MP Davit Bakradze, who is UNM’s presidential candidate, said that “all the statistical data show there are problems in the economy” and blamed it on “confrontational political climate” and “inconsistent policies” of the government.

He called on the government to lower income tax, to introduce regulatory impact assessment mechanism, to carry out economic amnesty and de-criminalize economic offenses. Bakradze, who was speaker of parliament when UNM was in power, said that the previous authorities failed to protect businesses from excessive meddling of the law enforcement agencies.

GD MP Manana Kobakhidze rebuffed Bakradze’s speech as a “political coquetry” of the presidential candidate.

At times debates were moving far off-topic from economy; at one point GD MP Gogi Topadze of the Industrialist party, touched upon Georgia’s Afghan contribution and said that NATO “is not anyway” accepting Georgia as a member, suggesting that there is no reason for the country to continue ISAF contribution – position, which is in stark contrast from the one of other GD coalition member parties. MP Topadze lambasted at UNM, telling parliamentary minority members that they should be held responsible for “crimes committed" while being in government.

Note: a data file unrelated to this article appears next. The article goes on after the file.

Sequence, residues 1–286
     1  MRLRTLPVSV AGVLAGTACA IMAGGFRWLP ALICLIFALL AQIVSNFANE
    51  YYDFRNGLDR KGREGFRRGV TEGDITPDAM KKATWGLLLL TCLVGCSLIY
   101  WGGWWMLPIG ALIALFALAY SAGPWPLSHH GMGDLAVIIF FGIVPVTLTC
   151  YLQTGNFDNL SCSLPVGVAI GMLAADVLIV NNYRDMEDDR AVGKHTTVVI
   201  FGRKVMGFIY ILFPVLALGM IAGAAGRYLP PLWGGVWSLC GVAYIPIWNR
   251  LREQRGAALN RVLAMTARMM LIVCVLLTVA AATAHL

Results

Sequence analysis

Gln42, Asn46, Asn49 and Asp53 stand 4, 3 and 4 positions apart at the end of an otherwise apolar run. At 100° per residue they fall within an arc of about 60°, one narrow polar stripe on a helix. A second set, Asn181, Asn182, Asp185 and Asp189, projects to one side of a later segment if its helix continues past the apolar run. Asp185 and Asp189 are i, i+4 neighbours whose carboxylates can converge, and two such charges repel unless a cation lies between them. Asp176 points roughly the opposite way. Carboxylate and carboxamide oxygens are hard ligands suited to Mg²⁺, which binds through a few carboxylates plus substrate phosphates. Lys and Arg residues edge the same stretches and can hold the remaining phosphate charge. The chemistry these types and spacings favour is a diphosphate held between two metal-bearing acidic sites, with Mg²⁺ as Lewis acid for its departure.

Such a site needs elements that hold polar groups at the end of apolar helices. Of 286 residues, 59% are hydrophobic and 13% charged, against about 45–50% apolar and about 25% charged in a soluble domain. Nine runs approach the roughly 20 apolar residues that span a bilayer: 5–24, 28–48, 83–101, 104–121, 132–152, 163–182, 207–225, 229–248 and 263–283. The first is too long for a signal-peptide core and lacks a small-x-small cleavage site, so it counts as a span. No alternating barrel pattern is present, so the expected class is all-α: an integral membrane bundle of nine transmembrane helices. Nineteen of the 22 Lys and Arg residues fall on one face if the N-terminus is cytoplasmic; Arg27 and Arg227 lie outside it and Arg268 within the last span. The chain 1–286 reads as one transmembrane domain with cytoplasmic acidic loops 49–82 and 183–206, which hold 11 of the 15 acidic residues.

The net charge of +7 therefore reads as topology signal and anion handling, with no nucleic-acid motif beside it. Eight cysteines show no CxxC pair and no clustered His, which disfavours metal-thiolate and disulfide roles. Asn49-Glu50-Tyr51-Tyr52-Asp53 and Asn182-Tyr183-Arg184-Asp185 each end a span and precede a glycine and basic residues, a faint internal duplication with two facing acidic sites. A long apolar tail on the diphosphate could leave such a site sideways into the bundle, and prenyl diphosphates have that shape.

MP Kakha Okriashvili, co-founder of Georgia’s one of the largest pharmaceutical chains PSP, who quit UNM after the parliamentary elections, said that the current authorities are “inexperienced” and the UNM – “unconstructive opposition”. He called on the authorities to introduce economic amnesty and “partial decriminalization” of economy-related crimes.